Nordstrom drops technology that tracks shoppers through smartphones

Nordstrom has ended its experiment with Euclid, a sensor technology that uses shoppers' smartphones to monitor their movements throughout a store.

On Thursday, Nordstrom announced that it had ended trials with Euclid Analytics, an increasingly popular — and, to some, frightening — software that uses in-store Wi-Fi networks to access shoppers' smartphones and track their engagement and shopping habits.

When shoppers enter select stores, Euclid sensors detect the MAC addresses that smartphones emit when they scan for wireless networks.

While Euclid isn't the newest kid on the block (it's been around since 2011), the analytics company is beginning to gain a major following among large American retailers, as evidenced by past partnerships with Nordstrom and Home Depot.

For retailers at large, Euclid can be an unprecedented tool, providing them with precise insights about marketing and product placement. It allows them to see which displays customers are flocking to, in addition to how store layouts translate to purchases. Retailers can also use Euclid to decide how they should tailor their staffing to deal with foot traffic.

For Euclid, however, success and notoriety haven't come without public scrutiny. Lawmakers and civil liberties groups are beginning to wonder just how safe it is to have a company monitoring your smartphone without your consent.


According to Nordstrom, the company used Euclid in 17 of its stores nationwide before pulling the plug Thursday.

"As we look to improve our customers' service experience and stay relevant to their needs, we'll continue to try new things out," Nordstrom spokeswoman Tara Darrow said in a statement.

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"We always said Euclid was a test for us. The test is over and we'll now evaluate the results from it, along with results from other initiatives we have going on that are designed to better serve our customers."

Home Depot also told Forbes its tests with Euclid are over and that it does not use the software anymore.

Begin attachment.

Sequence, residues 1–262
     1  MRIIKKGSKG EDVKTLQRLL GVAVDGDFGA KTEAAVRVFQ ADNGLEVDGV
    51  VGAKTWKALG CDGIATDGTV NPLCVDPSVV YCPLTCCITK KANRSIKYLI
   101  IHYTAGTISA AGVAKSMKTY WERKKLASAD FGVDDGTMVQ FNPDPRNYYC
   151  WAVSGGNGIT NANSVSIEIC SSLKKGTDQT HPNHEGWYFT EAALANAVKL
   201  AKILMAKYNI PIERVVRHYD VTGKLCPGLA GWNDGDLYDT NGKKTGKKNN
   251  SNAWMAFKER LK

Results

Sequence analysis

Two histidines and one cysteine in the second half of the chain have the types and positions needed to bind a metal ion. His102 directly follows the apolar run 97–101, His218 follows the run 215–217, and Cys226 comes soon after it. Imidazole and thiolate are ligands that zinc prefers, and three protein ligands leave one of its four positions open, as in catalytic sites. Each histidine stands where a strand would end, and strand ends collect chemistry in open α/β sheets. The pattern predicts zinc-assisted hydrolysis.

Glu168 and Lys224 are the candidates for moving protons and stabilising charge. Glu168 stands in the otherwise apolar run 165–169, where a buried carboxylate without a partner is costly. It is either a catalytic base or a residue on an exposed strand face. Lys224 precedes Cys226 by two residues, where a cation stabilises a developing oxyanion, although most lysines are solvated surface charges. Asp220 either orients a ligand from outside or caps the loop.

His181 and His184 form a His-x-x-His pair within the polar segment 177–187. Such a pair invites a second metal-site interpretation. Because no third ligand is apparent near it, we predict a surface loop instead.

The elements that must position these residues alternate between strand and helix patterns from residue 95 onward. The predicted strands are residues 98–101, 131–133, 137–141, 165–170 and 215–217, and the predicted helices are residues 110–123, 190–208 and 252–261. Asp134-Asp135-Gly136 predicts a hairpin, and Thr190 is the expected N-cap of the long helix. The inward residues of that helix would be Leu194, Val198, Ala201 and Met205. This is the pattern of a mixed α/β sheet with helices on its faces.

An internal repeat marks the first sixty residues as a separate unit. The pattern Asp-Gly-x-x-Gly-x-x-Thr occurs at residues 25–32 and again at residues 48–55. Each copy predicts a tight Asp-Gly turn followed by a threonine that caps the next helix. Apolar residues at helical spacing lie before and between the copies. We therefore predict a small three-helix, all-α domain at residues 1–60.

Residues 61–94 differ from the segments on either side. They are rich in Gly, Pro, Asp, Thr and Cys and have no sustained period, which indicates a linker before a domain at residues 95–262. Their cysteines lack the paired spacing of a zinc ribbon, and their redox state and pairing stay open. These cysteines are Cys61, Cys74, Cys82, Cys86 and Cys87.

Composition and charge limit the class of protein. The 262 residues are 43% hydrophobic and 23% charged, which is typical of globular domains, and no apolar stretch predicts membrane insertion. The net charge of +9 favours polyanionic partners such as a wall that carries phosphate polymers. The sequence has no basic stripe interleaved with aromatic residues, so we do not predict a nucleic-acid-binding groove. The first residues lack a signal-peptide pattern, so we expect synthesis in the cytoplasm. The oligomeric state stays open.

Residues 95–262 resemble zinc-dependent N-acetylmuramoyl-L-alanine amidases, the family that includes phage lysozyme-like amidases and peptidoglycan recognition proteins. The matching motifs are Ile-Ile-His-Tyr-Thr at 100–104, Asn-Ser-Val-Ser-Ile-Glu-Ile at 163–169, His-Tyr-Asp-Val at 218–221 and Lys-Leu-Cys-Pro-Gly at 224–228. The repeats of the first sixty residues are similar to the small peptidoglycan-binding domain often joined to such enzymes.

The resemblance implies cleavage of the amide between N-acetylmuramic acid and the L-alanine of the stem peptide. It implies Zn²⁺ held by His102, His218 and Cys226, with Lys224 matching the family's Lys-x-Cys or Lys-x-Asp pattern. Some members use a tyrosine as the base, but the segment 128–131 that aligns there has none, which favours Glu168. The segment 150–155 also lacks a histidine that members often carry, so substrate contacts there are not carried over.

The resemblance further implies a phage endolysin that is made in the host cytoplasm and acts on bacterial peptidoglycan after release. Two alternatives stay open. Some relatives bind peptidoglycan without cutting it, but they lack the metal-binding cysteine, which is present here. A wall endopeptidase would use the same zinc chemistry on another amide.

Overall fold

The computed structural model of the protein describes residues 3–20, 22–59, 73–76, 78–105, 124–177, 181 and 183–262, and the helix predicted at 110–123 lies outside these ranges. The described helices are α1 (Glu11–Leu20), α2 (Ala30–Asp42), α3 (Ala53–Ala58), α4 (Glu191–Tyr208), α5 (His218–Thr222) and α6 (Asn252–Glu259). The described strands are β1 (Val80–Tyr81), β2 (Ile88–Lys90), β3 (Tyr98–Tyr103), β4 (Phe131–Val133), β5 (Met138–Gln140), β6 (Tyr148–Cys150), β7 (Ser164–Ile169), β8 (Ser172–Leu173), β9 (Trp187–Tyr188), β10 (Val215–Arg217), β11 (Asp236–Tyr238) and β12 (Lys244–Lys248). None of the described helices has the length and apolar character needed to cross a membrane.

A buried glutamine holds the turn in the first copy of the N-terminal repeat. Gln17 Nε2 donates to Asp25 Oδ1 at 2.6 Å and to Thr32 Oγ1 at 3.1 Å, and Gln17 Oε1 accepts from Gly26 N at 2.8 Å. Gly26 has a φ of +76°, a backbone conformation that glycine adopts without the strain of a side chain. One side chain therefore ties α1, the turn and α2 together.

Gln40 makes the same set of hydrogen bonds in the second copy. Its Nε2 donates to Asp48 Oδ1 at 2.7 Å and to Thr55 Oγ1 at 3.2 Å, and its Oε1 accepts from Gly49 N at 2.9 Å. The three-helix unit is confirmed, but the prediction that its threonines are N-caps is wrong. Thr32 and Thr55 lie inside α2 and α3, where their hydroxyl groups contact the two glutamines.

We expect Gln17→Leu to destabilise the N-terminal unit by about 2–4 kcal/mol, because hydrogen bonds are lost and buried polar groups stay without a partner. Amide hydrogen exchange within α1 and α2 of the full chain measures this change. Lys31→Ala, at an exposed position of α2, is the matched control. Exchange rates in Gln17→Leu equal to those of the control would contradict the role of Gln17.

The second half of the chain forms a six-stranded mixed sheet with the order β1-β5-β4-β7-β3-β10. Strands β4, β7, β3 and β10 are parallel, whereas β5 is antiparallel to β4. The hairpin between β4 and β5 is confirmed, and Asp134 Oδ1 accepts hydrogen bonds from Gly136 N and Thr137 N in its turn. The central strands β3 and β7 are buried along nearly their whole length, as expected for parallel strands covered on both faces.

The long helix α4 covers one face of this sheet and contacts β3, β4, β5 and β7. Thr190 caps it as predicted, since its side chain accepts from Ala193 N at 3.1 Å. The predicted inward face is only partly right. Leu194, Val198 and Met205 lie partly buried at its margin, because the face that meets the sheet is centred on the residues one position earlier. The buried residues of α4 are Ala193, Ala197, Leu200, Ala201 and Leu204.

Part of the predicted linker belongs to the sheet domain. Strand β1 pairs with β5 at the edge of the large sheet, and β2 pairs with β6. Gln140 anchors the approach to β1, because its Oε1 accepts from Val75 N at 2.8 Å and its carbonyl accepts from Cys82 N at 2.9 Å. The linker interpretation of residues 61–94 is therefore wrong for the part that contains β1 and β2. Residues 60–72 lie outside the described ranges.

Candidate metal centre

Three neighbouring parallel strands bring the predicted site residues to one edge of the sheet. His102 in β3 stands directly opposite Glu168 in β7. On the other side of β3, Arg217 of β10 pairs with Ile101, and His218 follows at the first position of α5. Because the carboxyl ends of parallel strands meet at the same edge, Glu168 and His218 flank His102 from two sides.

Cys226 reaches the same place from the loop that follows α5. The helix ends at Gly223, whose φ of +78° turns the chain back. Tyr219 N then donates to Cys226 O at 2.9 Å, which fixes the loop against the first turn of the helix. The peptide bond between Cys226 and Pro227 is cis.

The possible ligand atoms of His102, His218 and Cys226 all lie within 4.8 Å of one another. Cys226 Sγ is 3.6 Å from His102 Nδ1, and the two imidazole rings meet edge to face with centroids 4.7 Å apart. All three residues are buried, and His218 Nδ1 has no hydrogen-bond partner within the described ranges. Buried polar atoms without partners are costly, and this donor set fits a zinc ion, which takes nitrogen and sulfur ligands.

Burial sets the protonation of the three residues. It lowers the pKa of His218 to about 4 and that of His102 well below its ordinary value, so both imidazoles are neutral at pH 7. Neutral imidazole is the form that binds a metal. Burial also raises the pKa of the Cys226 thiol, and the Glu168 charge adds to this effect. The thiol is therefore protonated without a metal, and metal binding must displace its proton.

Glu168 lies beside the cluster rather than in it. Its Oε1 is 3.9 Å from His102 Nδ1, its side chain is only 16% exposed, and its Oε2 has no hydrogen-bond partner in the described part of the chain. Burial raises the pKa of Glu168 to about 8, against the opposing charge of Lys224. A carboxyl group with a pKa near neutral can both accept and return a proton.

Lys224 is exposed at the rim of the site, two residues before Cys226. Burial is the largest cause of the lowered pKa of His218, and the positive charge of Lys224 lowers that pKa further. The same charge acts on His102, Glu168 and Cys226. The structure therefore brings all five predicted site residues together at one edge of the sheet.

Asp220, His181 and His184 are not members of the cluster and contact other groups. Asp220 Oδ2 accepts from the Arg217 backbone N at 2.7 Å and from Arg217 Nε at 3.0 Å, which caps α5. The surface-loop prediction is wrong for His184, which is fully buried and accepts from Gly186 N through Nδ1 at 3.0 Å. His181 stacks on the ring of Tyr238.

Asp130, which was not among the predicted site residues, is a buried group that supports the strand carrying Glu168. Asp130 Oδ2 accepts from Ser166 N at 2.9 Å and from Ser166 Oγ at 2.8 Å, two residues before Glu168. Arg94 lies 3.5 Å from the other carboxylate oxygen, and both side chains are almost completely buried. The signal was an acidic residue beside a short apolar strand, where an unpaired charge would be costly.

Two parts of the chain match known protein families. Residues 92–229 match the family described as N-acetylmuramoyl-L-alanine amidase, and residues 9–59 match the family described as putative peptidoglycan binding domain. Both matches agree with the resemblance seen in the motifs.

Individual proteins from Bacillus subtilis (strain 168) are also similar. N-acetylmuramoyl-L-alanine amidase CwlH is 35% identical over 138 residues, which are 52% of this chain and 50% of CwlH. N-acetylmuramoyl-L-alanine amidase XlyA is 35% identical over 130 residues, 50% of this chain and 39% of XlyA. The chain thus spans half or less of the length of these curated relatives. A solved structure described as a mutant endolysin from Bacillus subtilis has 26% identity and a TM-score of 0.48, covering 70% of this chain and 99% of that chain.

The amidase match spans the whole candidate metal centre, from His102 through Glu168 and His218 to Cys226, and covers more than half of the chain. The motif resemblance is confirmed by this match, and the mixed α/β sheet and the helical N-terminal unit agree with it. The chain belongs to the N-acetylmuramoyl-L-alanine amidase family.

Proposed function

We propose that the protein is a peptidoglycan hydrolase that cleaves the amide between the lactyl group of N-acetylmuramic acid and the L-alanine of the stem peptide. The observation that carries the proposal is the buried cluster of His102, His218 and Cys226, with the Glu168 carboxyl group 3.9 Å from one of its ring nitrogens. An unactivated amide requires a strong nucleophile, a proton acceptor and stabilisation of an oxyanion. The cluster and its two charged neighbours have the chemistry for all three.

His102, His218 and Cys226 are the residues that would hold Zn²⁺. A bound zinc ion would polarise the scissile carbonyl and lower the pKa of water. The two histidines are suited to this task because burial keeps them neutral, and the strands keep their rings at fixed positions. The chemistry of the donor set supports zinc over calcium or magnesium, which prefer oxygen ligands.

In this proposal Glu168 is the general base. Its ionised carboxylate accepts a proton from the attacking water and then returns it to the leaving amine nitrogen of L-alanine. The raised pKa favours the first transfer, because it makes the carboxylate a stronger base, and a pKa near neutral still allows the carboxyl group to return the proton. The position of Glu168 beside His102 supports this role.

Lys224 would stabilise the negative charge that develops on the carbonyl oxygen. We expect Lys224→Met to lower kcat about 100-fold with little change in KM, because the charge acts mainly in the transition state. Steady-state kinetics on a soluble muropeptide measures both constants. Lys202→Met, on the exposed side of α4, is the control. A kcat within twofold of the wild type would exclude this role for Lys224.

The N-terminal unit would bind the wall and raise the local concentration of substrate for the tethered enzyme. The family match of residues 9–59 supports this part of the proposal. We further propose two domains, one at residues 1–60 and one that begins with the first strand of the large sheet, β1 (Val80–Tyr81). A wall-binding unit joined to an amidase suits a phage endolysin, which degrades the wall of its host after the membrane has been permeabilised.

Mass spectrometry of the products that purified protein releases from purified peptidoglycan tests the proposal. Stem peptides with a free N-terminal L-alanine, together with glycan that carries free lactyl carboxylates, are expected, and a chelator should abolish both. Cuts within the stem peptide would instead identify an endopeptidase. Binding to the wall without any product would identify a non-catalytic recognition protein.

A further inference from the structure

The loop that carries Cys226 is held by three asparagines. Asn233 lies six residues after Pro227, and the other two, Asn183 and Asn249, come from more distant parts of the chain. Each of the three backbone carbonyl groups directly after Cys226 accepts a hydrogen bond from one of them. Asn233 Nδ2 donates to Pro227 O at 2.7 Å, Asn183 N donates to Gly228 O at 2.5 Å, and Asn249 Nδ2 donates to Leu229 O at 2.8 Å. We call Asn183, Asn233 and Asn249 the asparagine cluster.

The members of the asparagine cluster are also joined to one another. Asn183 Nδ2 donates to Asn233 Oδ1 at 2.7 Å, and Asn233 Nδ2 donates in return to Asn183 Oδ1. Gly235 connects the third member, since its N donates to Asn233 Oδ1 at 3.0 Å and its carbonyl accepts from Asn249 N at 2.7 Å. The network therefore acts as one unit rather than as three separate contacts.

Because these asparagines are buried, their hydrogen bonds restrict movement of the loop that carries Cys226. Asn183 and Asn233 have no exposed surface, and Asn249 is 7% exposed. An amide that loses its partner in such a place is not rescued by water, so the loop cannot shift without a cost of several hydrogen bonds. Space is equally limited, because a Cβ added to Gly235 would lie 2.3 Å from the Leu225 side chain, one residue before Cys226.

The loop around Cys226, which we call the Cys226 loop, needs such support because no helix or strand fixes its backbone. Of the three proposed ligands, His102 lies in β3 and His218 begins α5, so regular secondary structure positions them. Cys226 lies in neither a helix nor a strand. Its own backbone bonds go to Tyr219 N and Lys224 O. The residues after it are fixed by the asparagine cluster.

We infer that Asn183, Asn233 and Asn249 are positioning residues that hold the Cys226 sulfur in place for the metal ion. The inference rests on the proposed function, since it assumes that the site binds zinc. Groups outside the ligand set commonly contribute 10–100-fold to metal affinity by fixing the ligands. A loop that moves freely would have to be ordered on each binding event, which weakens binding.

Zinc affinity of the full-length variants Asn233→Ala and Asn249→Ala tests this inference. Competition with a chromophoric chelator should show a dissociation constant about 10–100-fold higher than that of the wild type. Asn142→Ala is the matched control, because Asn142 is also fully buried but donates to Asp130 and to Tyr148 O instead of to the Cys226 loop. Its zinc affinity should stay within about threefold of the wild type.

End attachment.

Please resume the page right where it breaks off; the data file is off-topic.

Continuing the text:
All of Euclid's information is aggregated. In other words, it doesn't tell a retailer that a 35-year-old Caucasian man just bought a pair of jeans; it says 14 people stood at the jeans display between the hours of 3 and 4 p.m. And it won't track shoppers to their next location in the store; it only registers once a shopper is picked up by another sensor.

For now, Euclid is opt-out. If shoppers want their activities to remain anonymous, they can go to Euclid's website and enter their phone's MAC address, which will erase their activity and prevent the service from tracking them. Buyers can also avoid detection by disabling the wireless Internet on their device before entering a business. Nordstrom had posted signs about how to opt out at the entrances of its stores that used Euclid.

What Euclid also doesn't do is identify the names of the people it tracks or distribute any of the information it collects. According to its privacy policy, it does not rake in data about who shoppers are, who they call on their phones, or any of the sites they've visited. It also promises to never sell any of the information it compiles.

"I can only speak to what we do right now, and that is, we have no intent to ever sell this information, for instance to a data broker, link it to any kind of personal information and that's just not something that's in our plans for now or in the future," Euclid spokesman John Fu told ABC 7 Denver. He added that the company is opposed to an opt-in system because it would not allow retailers to gain a complete picture of who's in their store.


Euclid's publicity company referred MSN News to its privacy page for inquiries about the safety of the data it collects and its opt-out system.

Privacy advocates, however, aren't sold on Euclid's promises. They say the firm's opt-out process is too complex for consumers, and they worry about the staying power of its promises. 


"If you're going to track people, they need to have easy way of opting out," said Jay Stanley, a senior policy analyst at the American Civil Liberties Union. "Forcing people to enter a MAC address is too difficult — most of them don't even know what a MAC address is."

Stanley added that businesses — especially startups and new companies — can change their business plan on a dime. Cash-strapped and desperate, they can decide to sell the information they once promised to protect.

"As an individual, you can't put faith in one company's promises, which always come fast and furious with new companies and can fade away," Stanley said.

Already, Euclid has been taken to task by Sen. Al Franken, D-Minn., who urged it in April to stop tracking customers without their consent.

"People have a fundamental right to privacy, and tracking a consumer's location and movements without permission violates that right," Franken said in a statement. "Euclid's use of opt-out location tracking — regardless of whether a consumer actually enters a store equipped with this technology — simply doesn't meet the standard of privacy Americans should be able to count on."